Jon: Meghan, thank you for joining me on this post. I’ve wanted to write about the logistics of high dose insulin (HDI) for some time now, but I have a lot of my own biases about where insulin belongs in the ordering of our therapies for sick cardiotoxic overdoses and I thought it would be really helpful to have a second voice that might have some dissenting opinions about HDI and its relative place compared to more traditional therapies.
Meghan: Great to be doing this together. I as well have my own biases, and maybe we should start by letting the readers know where we come from and how we got to our respective fighting corners.
Jon: Excellent idea. I completed fellowship in Minnesota at the Twin Cities Tox Fellowship. The sponsoring institution’s primary hospital is Regions Hospital, and several of my fellowship mentors performed a lot of bench research (mostly pigs) on HDI and other therapies for beta-blocker (BB) and calcium channel-blocker (CCB) poisoning.1–7 They were also early adopters of the clinical use of HDI in both CCB and BB overdoses for bedside consults.8–11 I would say our institutional bias was to be very pro-HDI while being simultaneously skeptical of vasopressors. We almost always started HDI before vasopressors, and if vasopressors were started we routinely prioritized weaning them first over HDI.
Meghan: I completed my med tox fellowship in Phoenix at Banner University Medical Center. Banner is a pretty unique fellowship as it is a tertiary care referral center for extremely sick tox patients around the area. We managed all of our tox patients, including a fair amount of sick CCB and BB cases at the bedside, almost exclusively using vasopressors and inotropes. We published our clinical experience and found this approach to be extremely effective without significant adverse effects.12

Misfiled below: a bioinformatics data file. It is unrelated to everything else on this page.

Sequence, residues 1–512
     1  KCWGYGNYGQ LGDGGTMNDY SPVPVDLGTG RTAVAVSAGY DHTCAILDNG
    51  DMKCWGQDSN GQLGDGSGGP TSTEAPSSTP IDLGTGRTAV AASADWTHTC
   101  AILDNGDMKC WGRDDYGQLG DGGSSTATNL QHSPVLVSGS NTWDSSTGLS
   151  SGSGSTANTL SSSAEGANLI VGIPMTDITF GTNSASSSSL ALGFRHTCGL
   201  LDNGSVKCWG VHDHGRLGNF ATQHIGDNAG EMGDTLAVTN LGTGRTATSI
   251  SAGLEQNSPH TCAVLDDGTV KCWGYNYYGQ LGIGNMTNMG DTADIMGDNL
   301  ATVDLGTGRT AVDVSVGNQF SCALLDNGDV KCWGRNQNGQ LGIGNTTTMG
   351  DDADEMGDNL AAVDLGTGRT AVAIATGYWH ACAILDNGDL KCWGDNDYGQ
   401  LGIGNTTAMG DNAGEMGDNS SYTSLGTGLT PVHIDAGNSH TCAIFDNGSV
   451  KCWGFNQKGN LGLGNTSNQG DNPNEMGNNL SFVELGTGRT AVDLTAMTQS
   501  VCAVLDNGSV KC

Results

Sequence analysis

Jon: I’ll start with an olive branch if that’s OK with you. While there are some passionate advocates in our field for both vasopressors and HDI (that lead many to believe there is controversy regarding the two therapies), can we agree there is no “one therapy to rule them all?” Given that we’ve all had cases that are barely hanging on with HDI, four vasopressors, methylene blue13, a dose or two of Intralipid®, all while on ECMO14,15, or other mechanical devices like a percutaneous LVAD16,17, is it fair to say there is no magic bullet?
Meghan: I couldn’t agree with that concept more. In fact, that’s a pretty good concept to keep in mind for most medical treatments. In particular, I think our training as medical toxicologists not only equips us but compels us to think about these cases more critically. Relying on dogma or refusing to consider alternative approaches is rarely a good path to go down.
Jon: With that backdrop, let’s start with a brief discussion of each therapy. For the purposes of this post, I’ll primarily discuss HDI; I’m hoping you’ll cover traditional inotropes and vasopressors.
Mechanisms and Clinical Utility of HDI and Vasopressors
The molecular mechanisms of HDI are complex (and covered elsewhere here on Tox & Hound), but the best way to think of the clinical use of insulin is to categorize it the way we do other inotropes and vasopressors. Insulin is a strong inotrope, and also a bit of a vasodilator. It is not a vasopressor.18 I think of it clinically as a slower, more powerful version of dobutamine.
As a quick reminder, recall:
cardiac output (CO) (L/min) = stroke volume (SV) x heart rate (HR)